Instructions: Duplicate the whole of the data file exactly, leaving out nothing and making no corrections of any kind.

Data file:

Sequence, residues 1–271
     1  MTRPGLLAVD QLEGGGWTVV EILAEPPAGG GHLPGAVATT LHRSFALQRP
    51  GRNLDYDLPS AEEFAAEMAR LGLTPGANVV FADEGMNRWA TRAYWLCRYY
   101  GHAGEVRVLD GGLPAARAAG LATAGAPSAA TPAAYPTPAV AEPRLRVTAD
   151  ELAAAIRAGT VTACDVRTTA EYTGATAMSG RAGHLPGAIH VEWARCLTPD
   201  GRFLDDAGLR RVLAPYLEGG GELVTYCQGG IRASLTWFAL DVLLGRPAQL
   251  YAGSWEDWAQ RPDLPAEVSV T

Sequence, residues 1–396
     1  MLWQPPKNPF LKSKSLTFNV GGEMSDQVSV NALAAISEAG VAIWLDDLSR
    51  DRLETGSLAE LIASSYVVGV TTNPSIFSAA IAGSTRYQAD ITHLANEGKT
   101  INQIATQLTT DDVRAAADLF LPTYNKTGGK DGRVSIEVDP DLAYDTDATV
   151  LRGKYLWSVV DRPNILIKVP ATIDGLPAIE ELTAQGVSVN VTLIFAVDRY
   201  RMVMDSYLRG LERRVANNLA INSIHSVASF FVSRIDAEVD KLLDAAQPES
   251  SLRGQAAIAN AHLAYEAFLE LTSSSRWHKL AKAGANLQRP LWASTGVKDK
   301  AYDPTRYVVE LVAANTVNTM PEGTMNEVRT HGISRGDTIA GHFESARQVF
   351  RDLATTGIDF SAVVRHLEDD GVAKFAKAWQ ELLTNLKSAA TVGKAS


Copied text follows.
Sequence, residues 1–271
     1  MTRPGLLAVD QLEGGGWTVV EILAEPPAGG GHLPGAVATT LHRSFALQRP
    51  GRNLDYDLPS AEEFAAEMAR LGLTPGANVV FADEGMNRWA TRAYWLCRYY
   101  GHAGEVRVLD GGLPAARAAG LATAGAPSAA TPAAYPTPAV AEPRLRVTAD
   151  ELAAAIRAGT VTACDVRTTA EYTGATAMSG RAGHLPGAIH VEWARCLTPD
   201  GRFLDDAGLR RVLAPYLEGG GELVTYCQGG IRASLTWFAL DVLLGRPAQL
   251  YAGSWEDWAQ RPDLPAEVSV T

Sequence, residues 1–396
     1  MLWQPPKNPF LKSKSLTFNV GGEMSDQVSV NALAAISEAG VAIWLDDLSR
    51  DRLETGSLAE LIASSYVVGV TTNPSIFSAA IAGSTRYQAD ITHLANEGKT
   101  INQIATQLTT DDVRAAADLF LPTYNKTGGK DGRVSIEVDP DLAYDTDATV
   151  LRGKYLWSVV DRPNILIKVP ATIDGLPAIE ELTAQGVSVN VTLIFAVDRY
   201  RMVMDSYLRG LERRVANNLA INSIHSVASF FVSRIDAEVD KLLDAAQPES
   251  SLRGQAAIAN AHLAYEAFLE LTSSSRWHKL AKAGANLQRP LWASTGVKDK
   301  AYDPTRYVVE LVAANTVNTM PEGTMNEVRT HGISRGDTIA GHFESARQVF
   351  RDLATTGIDF SAVVRHLEDD GVAKFAKAWQ ELLTNLKSAA TVGKAS